The best advice I ever got from a director was “show up.“ We were doing a production of THE TEMPEST, and I think for most of the performances up to that point I had simply been going through the motions, reciting the lines as written. But she was telling me it was time to show up and be present on that stage and in that character. It was a great reminder/admonishment of what all actors have to be able to do at every audition and in every performance: be fully engaged and invested in the moment, giving 100% of what you have on that particular day.
Do you support any charity?
I simply love Only Make Believe, a wonderful organization bring interactive theater into children’s hospitals and care facilities. Like all theater companies they were in-person before COVID and have now gone virtual, but there work remains the same: to bring joy and laughter to children who have been rocked with illnesses and disabilities, giving them a few precious moments of not being a patient but just being a kid.
Where do you see yourself and your career in 5 years from now?
For years my dream has been Broadway, and it will continue to be my long-term goal until it’s reached. I realize it is just one location among many where I can perform and work with great artists and supportive audiences. But Broadway is still the ultimate destination for any theater actor, and so I still hold on to that dream.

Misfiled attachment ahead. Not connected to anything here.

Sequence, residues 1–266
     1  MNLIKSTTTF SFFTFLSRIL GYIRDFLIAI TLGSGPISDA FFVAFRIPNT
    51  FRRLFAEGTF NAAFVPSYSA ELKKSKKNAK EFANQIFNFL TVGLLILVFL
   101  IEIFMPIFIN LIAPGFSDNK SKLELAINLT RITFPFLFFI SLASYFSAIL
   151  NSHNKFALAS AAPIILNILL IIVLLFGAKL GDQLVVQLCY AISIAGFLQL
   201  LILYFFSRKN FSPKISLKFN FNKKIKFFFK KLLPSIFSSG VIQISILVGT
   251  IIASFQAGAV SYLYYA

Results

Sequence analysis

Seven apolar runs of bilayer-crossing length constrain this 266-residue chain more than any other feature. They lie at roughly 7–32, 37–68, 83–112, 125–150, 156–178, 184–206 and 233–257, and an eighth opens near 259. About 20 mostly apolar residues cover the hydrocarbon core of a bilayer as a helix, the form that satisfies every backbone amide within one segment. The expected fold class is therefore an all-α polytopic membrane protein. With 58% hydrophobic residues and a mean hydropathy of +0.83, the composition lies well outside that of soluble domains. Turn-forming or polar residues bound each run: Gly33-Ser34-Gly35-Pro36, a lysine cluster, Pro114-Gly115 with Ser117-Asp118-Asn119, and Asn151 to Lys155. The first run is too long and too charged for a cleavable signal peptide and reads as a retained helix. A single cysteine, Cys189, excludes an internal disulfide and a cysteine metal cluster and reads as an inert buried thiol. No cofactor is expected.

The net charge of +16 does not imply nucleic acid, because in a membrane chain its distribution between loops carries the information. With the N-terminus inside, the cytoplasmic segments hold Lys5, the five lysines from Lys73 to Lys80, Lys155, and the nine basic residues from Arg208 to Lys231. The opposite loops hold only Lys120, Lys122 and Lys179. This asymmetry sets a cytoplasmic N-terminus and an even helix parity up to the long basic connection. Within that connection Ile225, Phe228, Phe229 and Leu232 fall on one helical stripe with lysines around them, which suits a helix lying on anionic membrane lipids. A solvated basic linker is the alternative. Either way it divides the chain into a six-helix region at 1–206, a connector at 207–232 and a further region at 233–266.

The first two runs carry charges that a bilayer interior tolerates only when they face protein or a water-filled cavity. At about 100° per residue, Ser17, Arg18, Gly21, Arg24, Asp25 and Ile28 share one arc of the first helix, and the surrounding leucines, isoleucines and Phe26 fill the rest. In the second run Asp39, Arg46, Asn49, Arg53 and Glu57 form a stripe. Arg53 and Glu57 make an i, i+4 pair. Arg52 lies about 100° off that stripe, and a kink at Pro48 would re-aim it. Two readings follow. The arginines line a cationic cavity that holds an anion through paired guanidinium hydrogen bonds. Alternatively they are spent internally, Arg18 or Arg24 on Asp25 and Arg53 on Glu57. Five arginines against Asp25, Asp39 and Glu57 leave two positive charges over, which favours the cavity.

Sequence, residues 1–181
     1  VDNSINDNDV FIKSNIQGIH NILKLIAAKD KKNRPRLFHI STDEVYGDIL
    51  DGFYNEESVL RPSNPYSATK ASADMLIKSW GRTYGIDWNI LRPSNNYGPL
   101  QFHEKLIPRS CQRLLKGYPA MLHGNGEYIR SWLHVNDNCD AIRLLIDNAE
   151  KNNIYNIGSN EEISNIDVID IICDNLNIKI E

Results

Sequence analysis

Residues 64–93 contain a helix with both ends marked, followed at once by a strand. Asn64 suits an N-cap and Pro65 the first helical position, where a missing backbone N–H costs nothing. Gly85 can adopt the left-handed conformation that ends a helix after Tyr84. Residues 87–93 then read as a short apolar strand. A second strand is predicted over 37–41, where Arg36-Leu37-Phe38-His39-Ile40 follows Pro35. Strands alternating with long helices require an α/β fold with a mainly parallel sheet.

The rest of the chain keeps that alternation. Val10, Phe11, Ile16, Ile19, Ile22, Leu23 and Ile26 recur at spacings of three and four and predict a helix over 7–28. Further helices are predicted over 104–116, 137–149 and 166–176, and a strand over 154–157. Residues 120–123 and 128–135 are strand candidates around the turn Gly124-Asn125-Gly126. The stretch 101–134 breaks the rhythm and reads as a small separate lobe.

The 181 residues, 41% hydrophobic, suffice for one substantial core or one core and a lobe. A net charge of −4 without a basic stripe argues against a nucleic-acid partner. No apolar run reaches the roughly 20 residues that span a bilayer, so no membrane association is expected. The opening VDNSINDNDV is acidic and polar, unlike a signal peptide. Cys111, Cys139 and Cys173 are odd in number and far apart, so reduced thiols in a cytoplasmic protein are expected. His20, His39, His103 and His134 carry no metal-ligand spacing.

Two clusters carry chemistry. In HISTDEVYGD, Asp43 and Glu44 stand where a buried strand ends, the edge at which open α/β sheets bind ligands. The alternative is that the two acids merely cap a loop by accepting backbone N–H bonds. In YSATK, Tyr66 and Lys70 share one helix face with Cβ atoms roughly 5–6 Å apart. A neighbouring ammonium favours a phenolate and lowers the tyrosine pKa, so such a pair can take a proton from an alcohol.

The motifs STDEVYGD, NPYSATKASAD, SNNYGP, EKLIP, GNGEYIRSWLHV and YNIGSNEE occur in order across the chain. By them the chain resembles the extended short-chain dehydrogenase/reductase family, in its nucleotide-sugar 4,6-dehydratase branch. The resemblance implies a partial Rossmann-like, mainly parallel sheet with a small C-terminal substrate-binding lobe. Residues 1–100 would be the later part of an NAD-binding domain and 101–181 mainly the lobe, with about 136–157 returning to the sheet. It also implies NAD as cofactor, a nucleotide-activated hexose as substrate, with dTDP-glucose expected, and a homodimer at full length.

Favorite song? Why?
ONE song?? Haha. I guess if I could only listen to one song over and over again, I’d have to say the remix version of a song by Above & Beyond called “Good For Me” featuring Zoë Johnston. It’s a love song that is heartfelt but also hopeful, and the dance remix gives it an edge and immediacy that is infectious. Overall, Above & Beyond is one of my favorite groups but their collaborations with Johnston are next level. Her voice is simply beautiful and ethereal and transports me to another place.
What do you think of Social Media?
Mostly as a necessary evil. I see it’s original benefit and contribution to connecting people. And for that purpose, I utilize Instagram most often to connect with and reach out to others. But social media’s focus as a means of importance and influence has grown out of control and prioritizes anything but connection, rather an over emphasis on popularity and outward appearance. Lives curated for constant videos and posts are as real as the characters I portray onstage. And this new reliance on it by casting directors and producers is just plain lazy and near-sighted. Real talent and artistry is second to followership and marketability. It’s sad really.
Where we can follow you?
Book: To Kill a Mockingbird
Quote: “Failures, repeated failures, are finger posts on the road to achievement. One fails forward toward success.” C.S. Lewis
Movie: Moulin Rouge
Tv Series: Andy Griffith Show
Favorite Food: Pizza
Travel Destination: Italy
Sports Team: Chicago White Sox
Cover: Ted Ely
Blue Shirt: Michael Carins